Autumn is a great time of year for vegetables. But many people find they get stuck in a rut, growing, harvesting and eating the same thing every year. There are so many different varieties of pumpkin, gourd and winter squash. Some have mild flesh that’s perfect for roasting, while others have a nutty taste that goes well in casseroles. So don’t spend Halloween forcing down the same old pumpkin soup! Try these different varieties for carving and cooking, and liven up your harvest menu.
As well as being fantastic food, some of these varieties are visually stunning. And even if you don’t go in for Halloween shenanigans, they are wonderful for creating beautiful autumnal displays for your windowsills, front steps, window boxes, and so on.
Pumpkin ‘We be little’
I’m holding this in my hand so you can see how small it is! Perfect if you want to carve a pumpkin but don’t want masses of flesh to eat. Also a great size for kids to carve.
A ghostly white pumpkin that’s an Italian heritage variety. It has a great mild taste too.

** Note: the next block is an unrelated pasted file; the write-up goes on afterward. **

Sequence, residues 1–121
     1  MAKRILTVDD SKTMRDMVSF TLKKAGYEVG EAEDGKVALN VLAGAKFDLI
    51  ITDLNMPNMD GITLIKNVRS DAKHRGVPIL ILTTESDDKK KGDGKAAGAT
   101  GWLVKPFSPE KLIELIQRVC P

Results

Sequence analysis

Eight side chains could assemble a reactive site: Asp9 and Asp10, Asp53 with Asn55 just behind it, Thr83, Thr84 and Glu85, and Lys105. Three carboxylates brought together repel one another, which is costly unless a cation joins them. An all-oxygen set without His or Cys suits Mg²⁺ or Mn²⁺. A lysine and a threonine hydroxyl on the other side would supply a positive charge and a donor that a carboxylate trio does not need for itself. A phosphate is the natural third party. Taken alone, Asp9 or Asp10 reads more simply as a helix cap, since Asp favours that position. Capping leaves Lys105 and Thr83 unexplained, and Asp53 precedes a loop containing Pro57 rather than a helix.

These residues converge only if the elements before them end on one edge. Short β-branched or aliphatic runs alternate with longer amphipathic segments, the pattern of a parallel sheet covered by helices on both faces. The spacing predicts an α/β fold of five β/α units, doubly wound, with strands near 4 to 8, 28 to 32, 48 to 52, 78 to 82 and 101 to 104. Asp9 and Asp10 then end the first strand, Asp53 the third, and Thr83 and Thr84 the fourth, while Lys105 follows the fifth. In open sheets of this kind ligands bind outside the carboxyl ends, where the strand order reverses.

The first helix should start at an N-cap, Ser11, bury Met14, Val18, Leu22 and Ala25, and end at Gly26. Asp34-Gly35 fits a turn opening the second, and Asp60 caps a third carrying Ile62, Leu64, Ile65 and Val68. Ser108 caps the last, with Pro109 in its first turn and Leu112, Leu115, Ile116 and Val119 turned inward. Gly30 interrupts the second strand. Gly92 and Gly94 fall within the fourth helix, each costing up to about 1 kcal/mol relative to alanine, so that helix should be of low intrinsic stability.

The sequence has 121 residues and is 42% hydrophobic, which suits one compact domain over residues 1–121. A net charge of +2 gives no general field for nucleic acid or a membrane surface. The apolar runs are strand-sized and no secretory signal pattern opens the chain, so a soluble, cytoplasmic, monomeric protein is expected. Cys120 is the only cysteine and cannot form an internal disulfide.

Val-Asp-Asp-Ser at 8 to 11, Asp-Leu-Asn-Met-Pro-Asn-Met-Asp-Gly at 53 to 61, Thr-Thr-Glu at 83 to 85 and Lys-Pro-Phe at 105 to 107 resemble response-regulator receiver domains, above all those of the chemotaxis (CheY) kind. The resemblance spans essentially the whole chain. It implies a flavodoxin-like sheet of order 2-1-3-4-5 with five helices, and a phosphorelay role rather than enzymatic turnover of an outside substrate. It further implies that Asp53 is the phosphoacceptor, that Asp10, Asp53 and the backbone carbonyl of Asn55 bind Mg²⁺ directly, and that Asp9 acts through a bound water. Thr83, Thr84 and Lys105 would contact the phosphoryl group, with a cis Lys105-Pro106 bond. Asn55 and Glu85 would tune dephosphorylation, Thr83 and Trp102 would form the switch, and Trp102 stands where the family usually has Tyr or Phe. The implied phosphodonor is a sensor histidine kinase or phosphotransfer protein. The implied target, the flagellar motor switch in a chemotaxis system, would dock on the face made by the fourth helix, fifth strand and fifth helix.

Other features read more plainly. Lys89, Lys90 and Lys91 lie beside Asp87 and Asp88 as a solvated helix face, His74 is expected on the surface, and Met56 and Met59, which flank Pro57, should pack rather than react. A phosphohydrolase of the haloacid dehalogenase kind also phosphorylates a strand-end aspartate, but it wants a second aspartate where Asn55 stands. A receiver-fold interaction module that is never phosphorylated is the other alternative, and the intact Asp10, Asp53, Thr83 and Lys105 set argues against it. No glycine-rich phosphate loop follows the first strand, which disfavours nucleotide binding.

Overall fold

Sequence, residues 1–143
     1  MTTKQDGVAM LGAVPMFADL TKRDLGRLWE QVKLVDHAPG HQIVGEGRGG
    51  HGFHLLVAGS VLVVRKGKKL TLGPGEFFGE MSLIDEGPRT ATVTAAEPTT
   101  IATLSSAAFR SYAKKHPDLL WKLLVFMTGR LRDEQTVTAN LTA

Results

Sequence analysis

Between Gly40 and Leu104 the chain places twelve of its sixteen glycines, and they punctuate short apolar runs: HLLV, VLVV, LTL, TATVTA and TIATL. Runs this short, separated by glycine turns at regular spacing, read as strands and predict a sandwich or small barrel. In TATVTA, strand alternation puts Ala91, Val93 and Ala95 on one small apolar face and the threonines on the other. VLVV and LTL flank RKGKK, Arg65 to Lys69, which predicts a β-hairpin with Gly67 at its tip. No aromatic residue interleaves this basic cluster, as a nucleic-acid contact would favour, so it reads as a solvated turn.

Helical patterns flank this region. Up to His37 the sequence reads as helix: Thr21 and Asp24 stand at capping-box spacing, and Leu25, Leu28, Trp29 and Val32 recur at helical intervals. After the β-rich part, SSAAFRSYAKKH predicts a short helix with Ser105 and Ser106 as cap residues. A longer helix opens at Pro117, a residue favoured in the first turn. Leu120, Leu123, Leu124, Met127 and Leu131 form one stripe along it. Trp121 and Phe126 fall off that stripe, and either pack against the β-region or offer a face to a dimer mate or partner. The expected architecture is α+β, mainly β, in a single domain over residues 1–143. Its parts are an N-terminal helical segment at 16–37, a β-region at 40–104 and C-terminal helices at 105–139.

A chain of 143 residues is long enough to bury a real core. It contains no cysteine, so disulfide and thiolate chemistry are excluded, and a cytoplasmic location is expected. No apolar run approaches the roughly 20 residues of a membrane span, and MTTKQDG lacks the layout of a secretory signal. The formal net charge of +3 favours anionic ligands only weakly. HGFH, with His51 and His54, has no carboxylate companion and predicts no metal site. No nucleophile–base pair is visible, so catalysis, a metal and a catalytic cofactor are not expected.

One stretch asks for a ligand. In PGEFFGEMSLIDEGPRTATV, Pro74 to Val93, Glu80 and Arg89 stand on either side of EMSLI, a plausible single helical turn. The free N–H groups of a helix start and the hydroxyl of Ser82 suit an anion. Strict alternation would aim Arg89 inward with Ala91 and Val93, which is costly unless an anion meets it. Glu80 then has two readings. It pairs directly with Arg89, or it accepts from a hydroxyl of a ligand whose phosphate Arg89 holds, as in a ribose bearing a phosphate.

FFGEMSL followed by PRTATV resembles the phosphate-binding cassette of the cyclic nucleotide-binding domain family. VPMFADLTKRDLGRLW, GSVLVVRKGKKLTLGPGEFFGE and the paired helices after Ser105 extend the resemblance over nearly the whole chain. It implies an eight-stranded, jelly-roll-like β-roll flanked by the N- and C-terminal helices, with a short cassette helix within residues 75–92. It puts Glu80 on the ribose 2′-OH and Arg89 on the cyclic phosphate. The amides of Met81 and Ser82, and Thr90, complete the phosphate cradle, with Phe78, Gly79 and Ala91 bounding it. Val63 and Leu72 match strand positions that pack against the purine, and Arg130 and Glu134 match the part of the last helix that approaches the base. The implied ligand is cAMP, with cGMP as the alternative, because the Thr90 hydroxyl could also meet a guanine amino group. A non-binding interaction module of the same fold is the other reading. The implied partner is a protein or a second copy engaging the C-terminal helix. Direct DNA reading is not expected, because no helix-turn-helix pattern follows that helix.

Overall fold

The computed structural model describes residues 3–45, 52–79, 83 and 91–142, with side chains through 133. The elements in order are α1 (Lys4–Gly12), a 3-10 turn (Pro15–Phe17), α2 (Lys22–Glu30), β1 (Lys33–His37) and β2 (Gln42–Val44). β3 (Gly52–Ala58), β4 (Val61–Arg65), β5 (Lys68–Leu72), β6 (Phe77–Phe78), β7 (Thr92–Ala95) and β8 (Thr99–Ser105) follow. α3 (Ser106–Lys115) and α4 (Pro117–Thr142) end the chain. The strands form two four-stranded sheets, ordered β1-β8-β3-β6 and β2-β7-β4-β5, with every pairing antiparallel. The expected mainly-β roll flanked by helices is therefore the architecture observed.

Rouge Vif d’Etampes
The original pumpkin! It’s a French heritage variety that was used to make Cinderella’s carriage. It has rich flesh that bakes well.
This has markings on the skin that are said to look like batwings. Another good mini variety for carving.
Crown Prince pumpkin
An eerie blue-grey variety that has orange flesh inside. Plus, it tastes amazing, and keeps really well.
Not a pumpkin, but a squash that looks like a pumpkin. Aside from the great pun in the name, it tastes great stuffed.
Winter squash ‘Celebration’
A lovely orangey-yellow variety that works in soups, stews and Sunday roasts. Some people also advise roasting the squash whole!
Winter squash ‘Harlequin’
A develishly dark winter squash that’s surprisingly sweet. Tastes best baked, in sweet or savoury dishes.
Looking for decorative seasonal veg? Gourds are inedible, but they keep for ages and their odd forms make for fantastic displays.
I had to mention these too! Incredible veg with wispy ‘spines’ that would make a great table centre piece.
Winter squash ‘Kamu Kamu’
A very distinctive New Zealand variety. They have pale white flesh that tastes almost milky. Plus they look stunning!
Turk’s Turban Squash
An old and decidedly wacky variety. They look purely decorative, but they are edible too. They are best roasted or baked to bring out the flavours.